These are two stories that appeared on smh.com.au on Wednesday 15 April 2009. Both appeared in the World section. One above the other.
My aim is to not to jump on my soapbox about which act is a crime and which punishment is warranted. But it should come as no surprise that being raised in a Western country my whole life, the course the British mother took is more familiar, natural to me if you will.
But that’s exactly the point. What the Afghan parents did probably feels familiar and natural to them.
I know that the UN condemn honour killings and they should. Unfortunately in the world we live in the reality is it can never be properly policed. Well at least in rural areas that have no state police.
I have read some articles in the past year of honour killings occurring in the UK by Pakistani families; the perpetrators, mainly fathers and brothers, have been arrested and tried according to UK law.
Again, everyone will have an opinion and it is probably safe to say that most of you reading this will think that honour killings are cruel and unusual and barbaric forms of punishment and deterrents.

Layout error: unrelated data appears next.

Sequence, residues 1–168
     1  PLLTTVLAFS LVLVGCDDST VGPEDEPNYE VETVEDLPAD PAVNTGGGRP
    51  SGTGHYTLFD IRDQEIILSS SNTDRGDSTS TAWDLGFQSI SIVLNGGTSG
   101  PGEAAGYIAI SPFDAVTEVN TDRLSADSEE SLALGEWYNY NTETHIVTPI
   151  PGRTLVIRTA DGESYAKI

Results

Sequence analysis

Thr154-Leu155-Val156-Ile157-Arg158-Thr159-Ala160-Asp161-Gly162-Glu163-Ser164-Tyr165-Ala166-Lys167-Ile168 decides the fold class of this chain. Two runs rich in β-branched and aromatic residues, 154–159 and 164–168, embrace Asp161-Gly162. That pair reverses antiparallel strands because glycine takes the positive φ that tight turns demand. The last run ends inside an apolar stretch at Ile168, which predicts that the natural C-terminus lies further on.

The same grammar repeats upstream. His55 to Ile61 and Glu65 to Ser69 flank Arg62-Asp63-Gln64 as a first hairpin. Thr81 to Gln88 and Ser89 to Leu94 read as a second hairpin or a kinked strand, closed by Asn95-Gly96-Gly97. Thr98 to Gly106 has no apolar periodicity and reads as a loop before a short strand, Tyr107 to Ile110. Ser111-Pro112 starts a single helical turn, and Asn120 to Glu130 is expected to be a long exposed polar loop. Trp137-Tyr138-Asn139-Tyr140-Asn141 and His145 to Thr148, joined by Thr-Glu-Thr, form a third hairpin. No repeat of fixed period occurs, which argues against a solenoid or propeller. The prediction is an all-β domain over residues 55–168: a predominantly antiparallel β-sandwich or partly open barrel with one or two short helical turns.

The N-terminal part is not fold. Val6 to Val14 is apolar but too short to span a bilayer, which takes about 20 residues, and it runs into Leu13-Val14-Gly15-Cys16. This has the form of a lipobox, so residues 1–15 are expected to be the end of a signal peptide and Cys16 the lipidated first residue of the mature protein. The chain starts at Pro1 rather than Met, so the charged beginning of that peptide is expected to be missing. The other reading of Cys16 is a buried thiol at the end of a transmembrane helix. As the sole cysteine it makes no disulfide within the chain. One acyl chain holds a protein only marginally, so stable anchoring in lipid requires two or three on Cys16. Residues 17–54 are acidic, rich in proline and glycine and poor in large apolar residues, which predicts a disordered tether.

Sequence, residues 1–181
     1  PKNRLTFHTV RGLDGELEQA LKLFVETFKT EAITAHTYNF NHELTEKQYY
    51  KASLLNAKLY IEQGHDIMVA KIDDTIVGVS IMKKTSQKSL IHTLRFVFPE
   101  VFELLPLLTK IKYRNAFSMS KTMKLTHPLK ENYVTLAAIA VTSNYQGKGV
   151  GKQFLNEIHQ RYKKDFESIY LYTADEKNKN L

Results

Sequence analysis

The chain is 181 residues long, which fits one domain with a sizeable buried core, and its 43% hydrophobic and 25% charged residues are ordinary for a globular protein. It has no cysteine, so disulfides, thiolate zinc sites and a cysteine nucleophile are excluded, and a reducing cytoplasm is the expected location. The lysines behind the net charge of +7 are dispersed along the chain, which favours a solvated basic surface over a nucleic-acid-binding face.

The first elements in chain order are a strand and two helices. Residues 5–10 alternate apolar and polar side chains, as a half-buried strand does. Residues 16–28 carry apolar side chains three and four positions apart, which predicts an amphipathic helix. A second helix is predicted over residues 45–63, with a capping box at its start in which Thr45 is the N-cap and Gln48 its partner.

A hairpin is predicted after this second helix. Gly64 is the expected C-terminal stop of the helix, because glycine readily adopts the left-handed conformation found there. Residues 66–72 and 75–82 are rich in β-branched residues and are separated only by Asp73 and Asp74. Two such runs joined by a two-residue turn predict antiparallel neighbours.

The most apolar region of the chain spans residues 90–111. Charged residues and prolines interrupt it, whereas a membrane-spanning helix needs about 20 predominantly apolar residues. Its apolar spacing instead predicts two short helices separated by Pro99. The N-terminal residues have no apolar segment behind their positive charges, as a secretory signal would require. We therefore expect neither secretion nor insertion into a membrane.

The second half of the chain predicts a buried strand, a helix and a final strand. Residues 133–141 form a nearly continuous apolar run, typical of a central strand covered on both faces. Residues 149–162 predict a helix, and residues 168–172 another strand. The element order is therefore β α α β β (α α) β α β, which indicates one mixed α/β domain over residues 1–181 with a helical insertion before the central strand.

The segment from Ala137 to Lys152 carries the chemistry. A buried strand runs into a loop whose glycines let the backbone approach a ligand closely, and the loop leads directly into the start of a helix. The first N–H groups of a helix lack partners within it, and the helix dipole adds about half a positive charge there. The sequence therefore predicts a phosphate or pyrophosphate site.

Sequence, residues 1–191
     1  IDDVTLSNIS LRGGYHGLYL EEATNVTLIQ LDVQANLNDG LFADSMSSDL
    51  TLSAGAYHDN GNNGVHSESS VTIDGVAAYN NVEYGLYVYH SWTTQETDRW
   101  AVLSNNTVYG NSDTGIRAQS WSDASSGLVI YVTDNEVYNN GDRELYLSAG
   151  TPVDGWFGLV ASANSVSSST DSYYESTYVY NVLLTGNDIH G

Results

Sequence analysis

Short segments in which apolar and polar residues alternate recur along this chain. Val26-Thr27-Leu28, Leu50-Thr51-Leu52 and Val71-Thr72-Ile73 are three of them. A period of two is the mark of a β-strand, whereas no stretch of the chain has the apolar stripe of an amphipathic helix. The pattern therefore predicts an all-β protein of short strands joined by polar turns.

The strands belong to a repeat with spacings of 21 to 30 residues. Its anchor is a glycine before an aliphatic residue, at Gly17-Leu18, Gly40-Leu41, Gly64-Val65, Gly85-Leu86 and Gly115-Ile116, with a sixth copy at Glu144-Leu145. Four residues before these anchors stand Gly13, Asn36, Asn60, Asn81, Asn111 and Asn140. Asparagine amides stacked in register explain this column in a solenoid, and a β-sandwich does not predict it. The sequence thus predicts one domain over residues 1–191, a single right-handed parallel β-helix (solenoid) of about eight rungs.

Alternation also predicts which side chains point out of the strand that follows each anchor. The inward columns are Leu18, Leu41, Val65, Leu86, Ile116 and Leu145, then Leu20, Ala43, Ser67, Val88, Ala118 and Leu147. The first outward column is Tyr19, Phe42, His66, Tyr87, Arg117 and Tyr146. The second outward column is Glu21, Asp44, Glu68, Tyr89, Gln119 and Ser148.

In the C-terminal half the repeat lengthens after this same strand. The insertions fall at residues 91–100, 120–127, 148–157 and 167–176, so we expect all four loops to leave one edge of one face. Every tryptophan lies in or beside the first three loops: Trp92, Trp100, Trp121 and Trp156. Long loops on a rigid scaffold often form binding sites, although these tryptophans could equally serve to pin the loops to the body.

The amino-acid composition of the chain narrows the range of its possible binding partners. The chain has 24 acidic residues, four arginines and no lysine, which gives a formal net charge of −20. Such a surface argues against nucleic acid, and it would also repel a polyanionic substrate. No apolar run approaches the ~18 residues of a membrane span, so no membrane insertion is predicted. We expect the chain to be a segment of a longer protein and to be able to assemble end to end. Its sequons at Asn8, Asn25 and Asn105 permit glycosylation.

But these two sets of parents are similar in one way. They followed the law as their society had instructed them to. They didn’t keep the matter to themselves and deal with it in the home; they chose to adopt societal norms with regards to punishment and discipline. And both suffer life long consequences.
Now I know that’s not always the case. Parents do try to keep discipline within the home.
I just trying to stress that society has taught us to be acceptable; and what we know is familiar and would seem normal. Perhaps even to the point that we don’t question it.
What one country deems as a serious crime another doesn’t. Again, this is just an observation. We raise our children by what society dictates as normal. It is generally a minority that strays from those ‘rules’. Home births, home schooling, large families are not the norm anymore, although they seem to be making a comeback…or maybe that’s just a media beat up. That’s a whole other post.
We all survive on instinct. I know most mother’s instinct is to kill or be killed for their children. I wonder how a mother copes with an honour killing? I wonder how a mother copes with being the one to send their child to jail? I wonder what a mother in China thinks if she is forced to abort a child because it is a girl?
How strong or familiar do societal norms and pressure have to be to override instinct?
This post was originally published on my other Mum’s Word blog “Two Sets of Parents, Two Different Sets of Punishment”